Reverting to “traditional tools of interpretation,” the Court looked to the text of the FLSA and the relevant DOL regulations. According to the majority, the statute itself provides an “interpretive clue” in that its emphasis on the “capacity” of the employee “counsels in favor of a functional, rather than formal, inquiry, one that views an employee’s responsibilities in the context of a particular industry in which the employee works.”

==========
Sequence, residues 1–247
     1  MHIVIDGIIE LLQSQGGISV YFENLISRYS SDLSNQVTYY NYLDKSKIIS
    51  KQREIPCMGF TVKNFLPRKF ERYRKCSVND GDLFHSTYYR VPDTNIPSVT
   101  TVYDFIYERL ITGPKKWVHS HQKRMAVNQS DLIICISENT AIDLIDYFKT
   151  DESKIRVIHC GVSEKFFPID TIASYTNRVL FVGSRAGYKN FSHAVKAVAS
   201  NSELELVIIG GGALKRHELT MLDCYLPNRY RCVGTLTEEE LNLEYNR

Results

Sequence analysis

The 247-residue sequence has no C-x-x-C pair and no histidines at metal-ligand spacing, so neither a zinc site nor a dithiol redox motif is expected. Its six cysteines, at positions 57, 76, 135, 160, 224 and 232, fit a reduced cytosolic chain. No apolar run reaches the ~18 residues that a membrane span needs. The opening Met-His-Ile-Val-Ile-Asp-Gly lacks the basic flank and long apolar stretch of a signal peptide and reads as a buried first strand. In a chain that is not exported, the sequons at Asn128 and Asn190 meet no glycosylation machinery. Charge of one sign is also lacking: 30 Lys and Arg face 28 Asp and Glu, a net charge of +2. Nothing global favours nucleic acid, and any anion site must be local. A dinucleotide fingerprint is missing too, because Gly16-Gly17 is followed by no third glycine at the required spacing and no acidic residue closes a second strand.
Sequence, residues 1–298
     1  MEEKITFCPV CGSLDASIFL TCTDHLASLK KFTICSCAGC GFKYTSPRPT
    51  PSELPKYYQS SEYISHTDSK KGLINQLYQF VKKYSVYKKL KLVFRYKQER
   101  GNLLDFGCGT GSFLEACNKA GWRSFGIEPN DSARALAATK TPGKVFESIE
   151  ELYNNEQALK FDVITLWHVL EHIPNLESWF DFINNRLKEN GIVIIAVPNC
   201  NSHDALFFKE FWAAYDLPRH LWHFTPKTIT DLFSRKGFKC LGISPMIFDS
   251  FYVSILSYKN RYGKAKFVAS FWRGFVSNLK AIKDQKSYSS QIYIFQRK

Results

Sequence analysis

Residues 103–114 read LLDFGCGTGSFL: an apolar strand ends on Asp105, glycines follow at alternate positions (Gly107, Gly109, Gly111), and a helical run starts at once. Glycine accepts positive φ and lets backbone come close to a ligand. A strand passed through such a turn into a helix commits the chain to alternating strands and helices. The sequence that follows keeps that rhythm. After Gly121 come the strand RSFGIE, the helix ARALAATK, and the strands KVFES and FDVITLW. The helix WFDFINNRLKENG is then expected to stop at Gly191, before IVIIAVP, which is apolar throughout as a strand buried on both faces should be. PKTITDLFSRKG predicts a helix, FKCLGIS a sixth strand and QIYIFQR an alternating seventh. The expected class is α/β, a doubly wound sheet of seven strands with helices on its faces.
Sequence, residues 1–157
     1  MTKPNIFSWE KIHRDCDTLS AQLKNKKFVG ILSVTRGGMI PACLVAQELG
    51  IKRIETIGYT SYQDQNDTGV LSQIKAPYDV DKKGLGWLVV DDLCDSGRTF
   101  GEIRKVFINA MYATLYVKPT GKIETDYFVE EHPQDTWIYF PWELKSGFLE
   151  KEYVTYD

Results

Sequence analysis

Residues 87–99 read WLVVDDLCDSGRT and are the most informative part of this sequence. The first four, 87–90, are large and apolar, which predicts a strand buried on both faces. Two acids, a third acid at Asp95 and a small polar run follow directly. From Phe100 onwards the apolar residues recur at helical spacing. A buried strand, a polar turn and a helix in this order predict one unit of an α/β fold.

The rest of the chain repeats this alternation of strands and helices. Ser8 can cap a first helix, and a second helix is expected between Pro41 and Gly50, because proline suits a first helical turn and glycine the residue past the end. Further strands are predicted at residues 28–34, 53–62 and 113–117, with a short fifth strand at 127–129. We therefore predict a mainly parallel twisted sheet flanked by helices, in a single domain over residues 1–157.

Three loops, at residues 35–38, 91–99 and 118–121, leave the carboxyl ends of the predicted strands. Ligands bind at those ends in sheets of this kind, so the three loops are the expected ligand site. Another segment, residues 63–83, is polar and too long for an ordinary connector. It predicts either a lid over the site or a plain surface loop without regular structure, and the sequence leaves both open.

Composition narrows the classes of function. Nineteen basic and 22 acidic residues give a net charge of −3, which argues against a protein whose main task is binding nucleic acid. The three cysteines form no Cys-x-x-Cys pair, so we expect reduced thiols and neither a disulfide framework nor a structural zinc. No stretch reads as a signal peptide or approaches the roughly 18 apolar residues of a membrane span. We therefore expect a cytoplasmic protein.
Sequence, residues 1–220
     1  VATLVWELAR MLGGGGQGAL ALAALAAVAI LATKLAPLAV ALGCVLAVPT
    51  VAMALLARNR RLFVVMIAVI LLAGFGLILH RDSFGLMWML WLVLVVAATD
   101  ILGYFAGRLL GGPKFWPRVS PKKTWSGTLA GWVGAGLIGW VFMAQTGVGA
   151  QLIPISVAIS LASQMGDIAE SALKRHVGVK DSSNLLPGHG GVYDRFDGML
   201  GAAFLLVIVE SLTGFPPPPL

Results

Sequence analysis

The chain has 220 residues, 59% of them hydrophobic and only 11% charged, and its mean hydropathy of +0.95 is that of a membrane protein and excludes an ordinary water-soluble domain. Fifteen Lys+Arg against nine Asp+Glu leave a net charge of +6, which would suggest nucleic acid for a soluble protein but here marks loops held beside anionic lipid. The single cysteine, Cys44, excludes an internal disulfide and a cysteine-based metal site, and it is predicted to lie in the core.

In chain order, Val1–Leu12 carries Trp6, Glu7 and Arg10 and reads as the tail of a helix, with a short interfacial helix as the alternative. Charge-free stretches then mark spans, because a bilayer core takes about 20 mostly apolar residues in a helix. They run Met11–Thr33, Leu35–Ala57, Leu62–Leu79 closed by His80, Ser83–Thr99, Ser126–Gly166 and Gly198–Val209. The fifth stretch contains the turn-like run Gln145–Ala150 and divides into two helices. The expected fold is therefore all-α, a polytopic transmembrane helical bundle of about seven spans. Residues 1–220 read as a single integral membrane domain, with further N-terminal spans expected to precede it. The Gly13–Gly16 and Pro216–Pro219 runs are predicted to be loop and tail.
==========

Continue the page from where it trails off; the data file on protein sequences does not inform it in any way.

Turning then to the relevant DOL regulations, the Court relied primarily on the general regulation, § 541.500, which defines “employee employed in the capacity of outside salesman” in relevant part to mean “any employee…[w]hose primary duty is…making sales within the meaning of [29 U.S.C. § 203(k)]” and “[w]ho is customarily and regularly engaged away from the employer’s place or places of business in performing such primary duty.” The referenced statutory provision, 29 U.S.C. § 203(k), states that “ ‘[s]ale’ or ‘sell’ includes any sale, exchange, contract to sell, consignment for sale, shipment for sale, or other disposition.” The Court noted that the verb “includes” indicates that the examples enumerated in the text are intended to be illustrative, not exhaustive. As well, it took the use of the modifier “any” to mean “one or some indiscriminately or whatever kind.” Finally, it read “other disposition” as a broad catchall, including “those arrangements that are tantamount, in a particular industry, to a paradigmatic sale of a commodity.”